Today, we feature a guest blogger who will catch us up with two of the space program’s greatest accomplishments, the Mars rovers. Anna met Ken Kremer as part of the press core for STS-133 back in November and was especially impressed by his range of knowledge about NASA and his enthusiasm.
Ken Kremer is a freelance science writer and scientist who regularly publishes writing and photography in online and print venues, including New Scientist, Science News, Aviation Week, and Spaceflight Now. For more of Ken Kremer’s work at Universe Today, click HERE. He does lectures around the country at museums, universities and schools, and clubs. He’s served as a Solar System Ambassador since 2005.
Photo credit for the three panoramic photographs here: NASA/JPL/Cornell, Marco Di Lorenzo, Kenneth Kremer.
MARS ROVERS CELEBRATE SEVENTH ANNIVERSARY ON RED PLANET
NASA’s twin Mars rovers Spirit and Opportunity surely rank as one of the greatest triumphs in the history of space exploration.
Seven years ago, the dynamic duo landed on opposite sides of the Red planet on January 3 and January 24, 2004. They were originally designed to operate for just 90 Martian days, or sols, with an outside possibility they might last a few months longer. In actuality—during the extended mission phase—they have endured light years beyond the mere three-month warranty proclaimed by NASA as the mission began with high hopes following the nail-biting so-called six minutes of terror as the twins plunged through the Martian atmosphere with no certainty as to the outcome of the landing.
Since 2004, the rovers’ longevity has far exceeded all expectations, and no one on the science and engineering teams that built and operate the twins can believe they lasted so long and produced so much.
Spirit and Opportunity have accomplished a remarkable series of scientific breakthroughs, far surpassing the wildest dreams of all the researchers and NASA officials. Indeed, both rovers are positioned at scientific goldmines on the red planet’s surface. Opportunity is still alive and trekking across the Martian plains, now 84 months into the three-month mission. By the time of her last dispatch from Gusev crater, Spirit had lasted for nearly six years of bonus mission time.
New images taken by the rovers appear at NASA’s Mars Rover websites on a continuing basis. The raw images have inspired myself and others to assemble panoramic mosaics from the individual snapshots to illustrate the broader context of what Spirit and Opportunity see. This blog post includes a few photomosaics created by Marco Di Lorenzo and myself to show the current environments explored by both rovers.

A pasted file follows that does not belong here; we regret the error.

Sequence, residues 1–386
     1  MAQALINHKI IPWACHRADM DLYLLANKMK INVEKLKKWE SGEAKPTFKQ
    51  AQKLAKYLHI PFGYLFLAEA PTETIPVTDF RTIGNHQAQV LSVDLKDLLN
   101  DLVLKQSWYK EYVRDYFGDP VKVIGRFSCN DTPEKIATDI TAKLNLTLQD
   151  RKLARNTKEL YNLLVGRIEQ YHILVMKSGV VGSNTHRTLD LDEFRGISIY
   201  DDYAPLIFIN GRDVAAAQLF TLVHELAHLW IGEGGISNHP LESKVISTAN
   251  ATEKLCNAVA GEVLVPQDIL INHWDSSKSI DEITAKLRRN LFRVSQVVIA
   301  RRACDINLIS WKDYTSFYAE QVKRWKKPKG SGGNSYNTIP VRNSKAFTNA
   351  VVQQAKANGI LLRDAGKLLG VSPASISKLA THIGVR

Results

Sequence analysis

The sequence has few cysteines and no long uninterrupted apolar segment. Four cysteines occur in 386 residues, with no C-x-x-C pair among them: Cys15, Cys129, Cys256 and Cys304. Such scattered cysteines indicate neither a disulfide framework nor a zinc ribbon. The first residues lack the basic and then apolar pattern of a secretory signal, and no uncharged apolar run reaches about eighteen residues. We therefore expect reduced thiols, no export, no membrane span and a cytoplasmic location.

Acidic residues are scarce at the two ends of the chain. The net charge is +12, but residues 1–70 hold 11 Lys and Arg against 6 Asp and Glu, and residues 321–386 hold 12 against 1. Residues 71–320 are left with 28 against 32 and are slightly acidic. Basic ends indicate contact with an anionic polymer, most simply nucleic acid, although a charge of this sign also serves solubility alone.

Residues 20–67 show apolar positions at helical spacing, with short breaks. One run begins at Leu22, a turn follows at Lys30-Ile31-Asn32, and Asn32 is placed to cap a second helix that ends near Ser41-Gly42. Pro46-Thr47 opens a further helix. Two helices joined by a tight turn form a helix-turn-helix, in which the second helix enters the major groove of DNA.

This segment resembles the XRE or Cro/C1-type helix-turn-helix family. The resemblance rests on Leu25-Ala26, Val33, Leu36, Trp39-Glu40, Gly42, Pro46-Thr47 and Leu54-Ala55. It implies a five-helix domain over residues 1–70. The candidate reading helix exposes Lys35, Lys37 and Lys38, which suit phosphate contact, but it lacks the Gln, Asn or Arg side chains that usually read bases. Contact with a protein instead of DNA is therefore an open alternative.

Spirit last communicated with mission controllers back on Earth on March 22, 2010. The rover had entered hibernation mode as the autumn sunlight available to power her life giving solar arrays was diminishing. NASA hopes to reawaken Spirit from a long slumber and reignite her illustrious campaign of exploration and discovery. No one is giving up hope for Spirit, and NASA is stepping up operational efforts to contact the plucky rover since the amount of springtime Martian sunlight is now increasing over the next few months.
Although Spirit has been stalled at a place called Troy since April 2009, the rover made a significant science discovery at that exact spot. Spirit examined the soil in great detail and found key evidence that water, perhaps as snow melt, trickled into the subsurface fairly recently and on a continuing basis. While driving on the western edge of an eroded over volcanic feature named Home Plate, Spirit unknowingly broke through a hard surface crust (perhaps 1 cm thick) and sank into hidden soft sand beneath. At Troy, the rover discovered that the crust was comprised of water related sulfate materials and therefore found further evidence for the past flow of liquid water on the surface of Mars – a great science discovery! Our photomosaic shows the very last panoramic view taken by Spirit at Troy.
Meanwhile, Opportunity is blazing a trail of discovery in the Meridiani Planum region of Mars. This rover completed exploration of the stadium-sized Santa Maria Crater which holds deposits of water bearing minerals that will further elucidate the potential for habitability on the red planet. The rover arrived at the western edge of the relatively fresh impact crater on December 16, 2010 (Sol 2451). This intermediate stop on the rover’s 19-kilometer journey from Victoria Crater to giant 14-kilometer-wide Endeavour Crater provides important ground truth observations to compare with the orbital detection of exposures of hydrated sulfate minerals.
Opportunity is driving to different vantage points around the steep walled crater and snapping a series of gorgeous Martian vistas. The rock-strewn crater is a Martian geologist’s dream. As our photomosaics show, the robot was imaged on New Year’s Eve in exquisite high resolution from Mars orbit while parked at the sharp edge as she was simultaneously snapping a multitude of awesome views peering inside the stunning and scientifically interesting crater.
Santa Maria is just six kilomters from the western rim of Endeavour which shows spectral signatures of phyllosilicates, or clay bearing minerals, which formed in water about four billion years ago and have never before been directly analyzed on the Martian surface. Phyllosilicates form in neutral aqueous conditions that could have been more habitable and conducive to the formation of life than the later Martian episodes of more harshly acidic conditions in which the sulfates formed that Opportunity has already been exploring during her seven-year overland expedition. See the Astronomy Picture of the Day featuring Opportunity HERE.
Opportunity remains healthy and has abundant solar power for the final leg of the long eastward march to Endeavour, with arrival later in 2011. See the rover’s progress HERE. And click HERE for Google Mars.